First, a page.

Isaac Newton vs. Robert Hooke on the law of universal gravitationOne of the most disputed controversy over the priority of scientific discoveries is that of the law of universal gravitation, between Isaac Newton and Robert Hooke. Hooke accused Newton of plagiarism, of taking over his ideas expressed in previous works. In this paper I try to show, on the basis of previous analysis, that both scientists were wrong: Robert Hooke because his theory was basically only ideas that would never have materialized without Isaac Newton’s mathematical support; and the latter was wrong by not recognizing Hooke’s ideas in drawing up the theory of gravity. Moreover, after Hooke’s death and taking over the Royal Society presidency, Newton removed from the institution any trace of the former president Robert Hooke. For this, I detail the accusations and arguments of each of the parts, and how this dispute was perceived by the contemporaries of the two scientists. I finish the paper with the conclusions drawn from the contents.

Keywords: Isaac Newton, Robert Hooke, law of gravity, priority, plagiarism

CONTENTS

Abstract
Introduction
Robert Hooke’s contribution to the law of universal gravitation
Isaac Newton’s contribution to the law of universal gravitation
Robert Hooke’s claim of his priority on the law of universal gravitation
Newton’s defense
The controversy in the opinion of other contemporary scientists
What the supporters of Isaac Newton say
What the supporters of Robert Hooke say
Conclusions
Bibliography

14.01.2019

DOI: 10.13140/RG.2.2.19370.26567

MultiMedia Publishing EPUB (ISBN 978-606-033-206-0), Kindle (ISBN 978-606-033-205-3), PDF (ISBN 978-606-033-204-6)  https://www.telework.ro/en/e-books/isaac-newton-vs-robert-hooke-on-the-law-of-universal-gravitation/

Isaac Newton vs. Robert Hooke on the law of universal gravitation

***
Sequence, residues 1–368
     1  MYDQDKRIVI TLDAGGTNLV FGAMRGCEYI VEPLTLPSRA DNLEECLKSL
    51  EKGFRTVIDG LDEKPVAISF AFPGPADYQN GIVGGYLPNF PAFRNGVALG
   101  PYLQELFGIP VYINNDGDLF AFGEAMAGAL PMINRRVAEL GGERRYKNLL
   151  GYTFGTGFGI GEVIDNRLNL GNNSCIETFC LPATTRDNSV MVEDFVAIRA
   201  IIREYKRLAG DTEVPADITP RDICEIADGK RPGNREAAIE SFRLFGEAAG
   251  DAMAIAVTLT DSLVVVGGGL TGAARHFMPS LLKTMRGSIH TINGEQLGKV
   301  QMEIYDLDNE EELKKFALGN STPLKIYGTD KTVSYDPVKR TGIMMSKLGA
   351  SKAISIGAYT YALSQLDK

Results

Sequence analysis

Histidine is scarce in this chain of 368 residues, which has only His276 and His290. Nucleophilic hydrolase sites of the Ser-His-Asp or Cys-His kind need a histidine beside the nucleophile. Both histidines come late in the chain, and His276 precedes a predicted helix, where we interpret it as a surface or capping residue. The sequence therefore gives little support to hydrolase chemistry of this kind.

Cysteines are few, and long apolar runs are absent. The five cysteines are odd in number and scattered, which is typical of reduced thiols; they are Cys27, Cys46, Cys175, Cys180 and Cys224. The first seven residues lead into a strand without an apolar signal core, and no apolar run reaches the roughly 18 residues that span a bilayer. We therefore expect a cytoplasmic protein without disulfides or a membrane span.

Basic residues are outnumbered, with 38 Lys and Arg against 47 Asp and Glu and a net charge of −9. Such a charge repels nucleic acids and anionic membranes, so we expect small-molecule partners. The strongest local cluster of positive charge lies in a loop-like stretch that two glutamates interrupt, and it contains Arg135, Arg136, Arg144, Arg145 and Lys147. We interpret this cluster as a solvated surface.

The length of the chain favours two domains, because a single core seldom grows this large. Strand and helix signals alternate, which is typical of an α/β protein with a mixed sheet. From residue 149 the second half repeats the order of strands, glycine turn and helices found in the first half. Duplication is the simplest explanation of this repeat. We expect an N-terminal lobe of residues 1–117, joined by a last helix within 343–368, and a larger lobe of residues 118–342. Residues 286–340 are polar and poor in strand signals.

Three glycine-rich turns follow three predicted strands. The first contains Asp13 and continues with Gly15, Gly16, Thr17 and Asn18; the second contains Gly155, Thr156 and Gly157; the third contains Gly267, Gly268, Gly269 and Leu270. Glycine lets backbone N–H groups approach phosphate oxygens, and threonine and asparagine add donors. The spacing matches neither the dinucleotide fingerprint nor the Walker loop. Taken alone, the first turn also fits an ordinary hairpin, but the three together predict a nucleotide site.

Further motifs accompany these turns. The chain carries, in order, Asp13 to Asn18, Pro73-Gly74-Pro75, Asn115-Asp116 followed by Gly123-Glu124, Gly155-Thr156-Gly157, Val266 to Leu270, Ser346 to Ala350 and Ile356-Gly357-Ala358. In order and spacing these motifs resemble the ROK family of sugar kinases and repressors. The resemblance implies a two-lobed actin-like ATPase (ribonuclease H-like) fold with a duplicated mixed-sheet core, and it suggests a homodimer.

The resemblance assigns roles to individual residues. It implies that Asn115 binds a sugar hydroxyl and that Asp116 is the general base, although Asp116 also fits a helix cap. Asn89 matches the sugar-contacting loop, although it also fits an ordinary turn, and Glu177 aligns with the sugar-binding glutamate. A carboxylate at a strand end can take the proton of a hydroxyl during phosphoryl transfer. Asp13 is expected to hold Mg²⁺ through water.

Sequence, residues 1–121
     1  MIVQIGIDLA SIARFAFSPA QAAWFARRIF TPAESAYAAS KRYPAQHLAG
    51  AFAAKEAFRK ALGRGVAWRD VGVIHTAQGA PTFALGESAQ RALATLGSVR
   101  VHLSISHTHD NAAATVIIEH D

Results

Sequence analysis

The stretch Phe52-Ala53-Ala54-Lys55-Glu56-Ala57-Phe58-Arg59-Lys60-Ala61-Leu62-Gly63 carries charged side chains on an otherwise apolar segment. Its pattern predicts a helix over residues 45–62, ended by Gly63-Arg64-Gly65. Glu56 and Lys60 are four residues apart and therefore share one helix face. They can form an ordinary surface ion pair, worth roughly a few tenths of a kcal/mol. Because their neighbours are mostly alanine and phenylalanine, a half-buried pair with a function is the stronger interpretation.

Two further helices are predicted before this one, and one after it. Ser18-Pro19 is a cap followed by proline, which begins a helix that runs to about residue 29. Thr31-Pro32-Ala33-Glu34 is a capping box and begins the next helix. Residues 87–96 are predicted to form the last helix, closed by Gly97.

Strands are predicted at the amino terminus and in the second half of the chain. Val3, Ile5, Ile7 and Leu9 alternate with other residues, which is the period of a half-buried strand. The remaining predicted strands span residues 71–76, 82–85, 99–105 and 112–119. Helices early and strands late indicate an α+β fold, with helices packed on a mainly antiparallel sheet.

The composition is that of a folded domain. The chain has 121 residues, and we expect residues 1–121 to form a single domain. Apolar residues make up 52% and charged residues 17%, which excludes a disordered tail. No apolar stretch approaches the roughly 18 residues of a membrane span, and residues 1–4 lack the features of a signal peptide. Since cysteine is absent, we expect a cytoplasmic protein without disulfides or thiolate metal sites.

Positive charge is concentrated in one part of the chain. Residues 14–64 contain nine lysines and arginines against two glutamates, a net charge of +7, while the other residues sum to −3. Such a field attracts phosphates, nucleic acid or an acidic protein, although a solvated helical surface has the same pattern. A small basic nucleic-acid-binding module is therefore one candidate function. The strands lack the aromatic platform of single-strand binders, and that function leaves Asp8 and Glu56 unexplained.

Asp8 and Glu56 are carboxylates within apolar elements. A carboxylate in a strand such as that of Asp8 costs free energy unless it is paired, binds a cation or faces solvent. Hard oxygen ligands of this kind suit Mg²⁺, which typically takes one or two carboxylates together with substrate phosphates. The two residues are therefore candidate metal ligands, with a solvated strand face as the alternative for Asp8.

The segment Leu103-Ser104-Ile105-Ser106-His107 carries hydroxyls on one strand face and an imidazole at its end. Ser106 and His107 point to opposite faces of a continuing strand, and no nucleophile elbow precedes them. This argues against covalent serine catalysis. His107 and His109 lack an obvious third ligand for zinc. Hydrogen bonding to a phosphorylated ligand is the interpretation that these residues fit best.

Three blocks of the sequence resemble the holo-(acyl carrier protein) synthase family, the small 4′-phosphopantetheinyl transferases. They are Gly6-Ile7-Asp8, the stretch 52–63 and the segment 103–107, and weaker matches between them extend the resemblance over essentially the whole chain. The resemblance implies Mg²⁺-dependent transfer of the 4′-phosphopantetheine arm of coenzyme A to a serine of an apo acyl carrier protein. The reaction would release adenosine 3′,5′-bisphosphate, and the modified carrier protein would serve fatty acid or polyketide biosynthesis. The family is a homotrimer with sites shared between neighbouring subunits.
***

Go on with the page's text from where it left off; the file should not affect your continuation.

About God in Newton’s correspondence with Richard Bentley and Queries in Opticks

solar systemIn Newton’s correspondence with Richard Bentley, Newton rejected the possibility of remote action, even though he accepted it in the Principia. Practically, Newton’s natural philosophy is indissolubly linked to his conception of God. The knowledge of God seems to be essentially immutable, unlike the laws of nature that can be subjected to refining, revision and rejection procedures. As Newton later states in Opticks, the cause of gravity is an active principle in matter, but this active principle is not an essential aspect of matter, but something that must have been added to matter by God, arguing in the same Query of Opticks even the need for divine intervention.
DOI: 10.13140/RG.2.2.16732.44162

About God in Newton’s correspondence with Richard Bentley and Queries in Opticks

The new (liberal) eugenics

Despite the Nazi horrors, in 1953 the new eugenics was founded, when Watson and Crick postulated the double helix of DNA as the basis of chemical heredity. In 1961, scientists have deciphered the genetic code of DNA, laying the groundwork for code manipulation and the potential building of new life forms. After thirty years from the discovery of the DNA structure, the experimenters began to carry out the first clinical studies of human somatic cell therapy.
The practice of prenatal genetic tests identifies genes or unwanted genetic markers. Parents can choose to continue pregnancy or give up the fetus. Once the preimplantation genetic diagnosis occurs, potential parents can choose to use in vitro fertilization and then test early embryonic cells to identify embryos with genes they prefer or avoid. Because of concerns about eugenics, genetic counseling is based on a “non-directive” policy to ensure respect for reproductive autonomy. The argument for this counseling service is that we should balance parental autonomy with child’s autonomy in the future. Specialists have not yet given a clear answer to the question of whether these practices should be considered eugenic practices, or if they are moral practices.
DOI: 10.13140/RG.2.2.28777.95849

The new (liberal) eugenics

Eugenics

EugenicsThe main concern of the first eugenists, such as Karl Pearson and Walter Weldon of University College London , were the perceived intelligence factors considered to be correlated with the social class. In his speech “Darwinism, Medical Progress and Eugenics”, Karl Pearson equates eugenics with a field of medicine. Some areas of medicine that are not commonly recognized as eugenic affect the human genes background. These include sterilization and surgical techniques that allow the functioning of reproductive organs. Even medicines that do not directly involve reproductive organs can alter the gene pool. Genetic abnormalities in such individuals are thus duplicated, modifying the genetic background. On this basis, such practices are widely accepted as more radical eugenic processes.

DOI: 10.13140/RG.2.2.29167.28326/1

Nicolae_Sfetcu-Eugenics